Pay your taxes or step down.
That's the message critics are sending to Rep. Charles Rangel, D-N.Y., chairman of the powerful tax-writing Ways and Means Committee and subject of a major ethics probe into alleged tax evasion and other violations.
House Republicans on Wednesday tried to pass a resolution to oust Rangel from his chairmanship pending an Ethics Committee investigation into a long and stinging list of alleged wrongdoing. The measure stemmed from a probe into Rangel's alleged failure to pay his taxes and disclose income on multiple properties -- as much as $1.3 million.
But House Democrats were quick to strike down the measure by a vote of 243 to 156. House Republicans refused to accept defeat of the resolution, and asked for a second recorded vote following the first. The reading of the resolution was interrupted several times, and at one point was challenged by Democrats before being put to a vote.
A representative from Rangel's office on Wednesday blasted the resolution as a "highly partisan effort."
"Let's look at this resolution for what it really is -- a highly partisan effort designed to undermine the important work in Congress on health care reform," the representative, who declined to be named, told FOX News.
"It's also an attempt to circumvent House rules, which provide for a comprehensive, bipartisan ethics committee process for reviewing matters such as these," the Rangel aide said. "The congressman himself initiated the request for the committee to review the issues and the members should let the process work as established by the rules of the House."
House Minority Leader John Boehner, R-Ohio, said the resolution's defeat is "the latest example of Speaker Pelosi breaking her promise to have the most 'open and ethical' Congress in history."
"Instead of holding Chairman Rangel accountable for his actions, House Democrats are once again circling the wagons and demonstrating their loyalty to a leader who faces serious questions about his official conduct," Boehner said in a statement.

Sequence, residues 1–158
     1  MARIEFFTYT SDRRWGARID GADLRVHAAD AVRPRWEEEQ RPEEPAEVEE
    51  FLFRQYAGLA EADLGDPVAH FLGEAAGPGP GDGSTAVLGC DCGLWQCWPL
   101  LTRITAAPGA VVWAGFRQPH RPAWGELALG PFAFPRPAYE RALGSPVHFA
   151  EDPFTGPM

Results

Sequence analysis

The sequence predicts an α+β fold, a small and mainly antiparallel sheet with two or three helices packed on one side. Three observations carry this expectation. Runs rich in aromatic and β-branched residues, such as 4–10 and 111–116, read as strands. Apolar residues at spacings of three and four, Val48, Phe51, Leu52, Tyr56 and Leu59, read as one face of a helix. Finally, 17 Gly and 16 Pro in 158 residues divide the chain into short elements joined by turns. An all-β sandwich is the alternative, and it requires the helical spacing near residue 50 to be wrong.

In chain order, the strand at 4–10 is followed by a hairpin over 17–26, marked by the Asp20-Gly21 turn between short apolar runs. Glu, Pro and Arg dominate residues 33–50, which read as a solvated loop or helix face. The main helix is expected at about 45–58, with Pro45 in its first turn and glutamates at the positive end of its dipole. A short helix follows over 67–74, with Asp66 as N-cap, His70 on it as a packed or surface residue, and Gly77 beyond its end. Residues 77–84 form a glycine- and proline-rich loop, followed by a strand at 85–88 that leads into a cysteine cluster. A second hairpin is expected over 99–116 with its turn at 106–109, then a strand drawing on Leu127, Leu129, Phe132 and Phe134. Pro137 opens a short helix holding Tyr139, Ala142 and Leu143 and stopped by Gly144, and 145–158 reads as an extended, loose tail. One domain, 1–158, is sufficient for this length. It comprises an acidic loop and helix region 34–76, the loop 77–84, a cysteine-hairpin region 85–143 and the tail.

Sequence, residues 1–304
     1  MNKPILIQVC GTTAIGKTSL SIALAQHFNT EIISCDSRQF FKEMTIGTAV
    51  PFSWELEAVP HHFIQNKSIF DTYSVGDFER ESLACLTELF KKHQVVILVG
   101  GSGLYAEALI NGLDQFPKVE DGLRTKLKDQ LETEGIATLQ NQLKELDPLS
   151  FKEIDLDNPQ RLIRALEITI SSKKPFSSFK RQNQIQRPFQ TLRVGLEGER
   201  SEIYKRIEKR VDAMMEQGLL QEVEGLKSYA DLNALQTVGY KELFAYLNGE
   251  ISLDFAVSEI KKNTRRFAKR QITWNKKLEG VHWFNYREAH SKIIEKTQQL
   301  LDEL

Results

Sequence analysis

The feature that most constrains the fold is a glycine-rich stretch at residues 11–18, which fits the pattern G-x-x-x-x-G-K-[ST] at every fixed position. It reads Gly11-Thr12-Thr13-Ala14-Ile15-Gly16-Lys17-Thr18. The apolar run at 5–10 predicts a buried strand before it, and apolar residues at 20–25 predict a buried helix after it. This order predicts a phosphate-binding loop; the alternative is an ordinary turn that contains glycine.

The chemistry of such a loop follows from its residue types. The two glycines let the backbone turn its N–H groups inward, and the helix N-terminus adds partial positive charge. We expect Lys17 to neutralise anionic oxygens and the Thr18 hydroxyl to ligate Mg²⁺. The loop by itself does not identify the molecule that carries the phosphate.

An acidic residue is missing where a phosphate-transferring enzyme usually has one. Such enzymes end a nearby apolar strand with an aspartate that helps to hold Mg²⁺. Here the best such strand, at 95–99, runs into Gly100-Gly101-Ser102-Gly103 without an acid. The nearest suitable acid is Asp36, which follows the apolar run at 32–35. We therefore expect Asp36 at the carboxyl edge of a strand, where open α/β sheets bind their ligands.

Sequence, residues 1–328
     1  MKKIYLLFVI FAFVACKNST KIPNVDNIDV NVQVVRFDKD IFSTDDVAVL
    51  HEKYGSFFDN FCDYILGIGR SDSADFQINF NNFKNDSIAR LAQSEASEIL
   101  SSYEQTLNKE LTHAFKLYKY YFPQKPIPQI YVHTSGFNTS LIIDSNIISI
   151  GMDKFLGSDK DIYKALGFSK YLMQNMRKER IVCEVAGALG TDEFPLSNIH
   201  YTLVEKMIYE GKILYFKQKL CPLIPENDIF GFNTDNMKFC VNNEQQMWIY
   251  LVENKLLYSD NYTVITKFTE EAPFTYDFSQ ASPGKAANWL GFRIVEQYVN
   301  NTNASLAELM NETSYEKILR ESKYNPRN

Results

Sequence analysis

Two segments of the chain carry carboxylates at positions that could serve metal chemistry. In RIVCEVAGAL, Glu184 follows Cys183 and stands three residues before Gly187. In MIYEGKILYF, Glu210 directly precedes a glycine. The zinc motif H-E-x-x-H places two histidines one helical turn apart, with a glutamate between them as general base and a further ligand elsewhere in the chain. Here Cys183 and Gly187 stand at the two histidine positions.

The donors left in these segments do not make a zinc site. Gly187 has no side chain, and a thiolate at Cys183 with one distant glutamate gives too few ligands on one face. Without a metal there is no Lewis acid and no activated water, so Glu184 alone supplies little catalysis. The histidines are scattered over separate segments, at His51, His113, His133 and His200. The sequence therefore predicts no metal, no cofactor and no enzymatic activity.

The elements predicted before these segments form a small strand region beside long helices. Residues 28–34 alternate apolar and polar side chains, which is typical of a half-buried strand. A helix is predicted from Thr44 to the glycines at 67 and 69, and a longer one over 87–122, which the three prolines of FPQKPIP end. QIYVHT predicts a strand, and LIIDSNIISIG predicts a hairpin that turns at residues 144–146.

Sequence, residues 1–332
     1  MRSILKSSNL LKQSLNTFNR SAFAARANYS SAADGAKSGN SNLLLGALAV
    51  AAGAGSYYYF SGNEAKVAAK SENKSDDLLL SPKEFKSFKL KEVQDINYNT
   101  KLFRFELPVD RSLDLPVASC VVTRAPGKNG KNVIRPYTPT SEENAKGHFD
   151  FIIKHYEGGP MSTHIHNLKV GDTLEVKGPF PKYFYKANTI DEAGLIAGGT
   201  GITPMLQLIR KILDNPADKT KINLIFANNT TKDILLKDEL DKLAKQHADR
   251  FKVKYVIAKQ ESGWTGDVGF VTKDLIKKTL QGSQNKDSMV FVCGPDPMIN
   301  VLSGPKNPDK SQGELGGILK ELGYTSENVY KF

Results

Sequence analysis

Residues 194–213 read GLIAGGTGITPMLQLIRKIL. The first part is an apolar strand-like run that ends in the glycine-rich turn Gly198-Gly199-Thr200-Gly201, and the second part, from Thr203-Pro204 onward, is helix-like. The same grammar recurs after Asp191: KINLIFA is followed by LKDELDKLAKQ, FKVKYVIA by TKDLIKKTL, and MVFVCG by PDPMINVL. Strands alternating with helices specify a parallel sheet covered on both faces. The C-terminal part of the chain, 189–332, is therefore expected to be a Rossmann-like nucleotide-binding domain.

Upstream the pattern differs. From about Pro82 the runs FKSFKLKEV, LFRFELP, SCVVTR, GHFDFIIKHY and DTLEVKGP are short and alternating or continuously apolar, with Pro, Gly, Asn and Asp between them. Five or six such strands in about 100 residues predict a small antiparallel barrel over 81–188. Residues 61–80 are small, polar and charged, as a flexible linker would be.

Wednesday's vote came as reports emerge that Rangel funneled a $3 million earmark -- included in the massive Defense Appropriations Bill -- to City College of New York to fund research on materials used to protect Army vehicles from attack.
Critics charge that the powerful chairman of the tax-writing committee -- arguably the most influential in Congress -- should step down amid growing allegations and investigations into possible ethics violations.
Rangel, who has served in the House for nearly 40 years, reportedly failed to report as much as $1.3 million in income from 2002 to 2006. In 2008, the New York Post reported that Rangel failed to disclose $75,000 in rental income.
In June 2009, the House Ethics Subcommittee opened a probe of Rangel's trips to conferences in the Caribbean, and in August Rangel disclosed more than $500,000 in previously unreported assets.
"These are glaring tax violations and he has paid no penalties or interest," said John Stone, a spokesman for Rep. John Carter, R-Texas, who is leading the effort to oust Rangel from his post.
"It's setting up a double standard," said Stone. "The average American gets slapped with fines and possible jail time, while the rich and powerful can get off 'scot-free.'
"He's chair of the very committee that oversees internal revenue of the tax code. He simply cannot serve with this massive question and these constantly expanding investigations," Stone continued.
Of the $3 million earmark directed to City College, he said, "This is a prime example of why he should step down as chair until these ethics questions are answered."
On Wednesday, House Majority Leader Steny Hoyer, D-Md., said, "The [Ethics] Committee is doing its work. We will wait for its report."
"To do anything else would be premature. I, or someone, will move to table the resolution," Hoyer told reporters.
FOX News' Chad Pergram contributed to this report.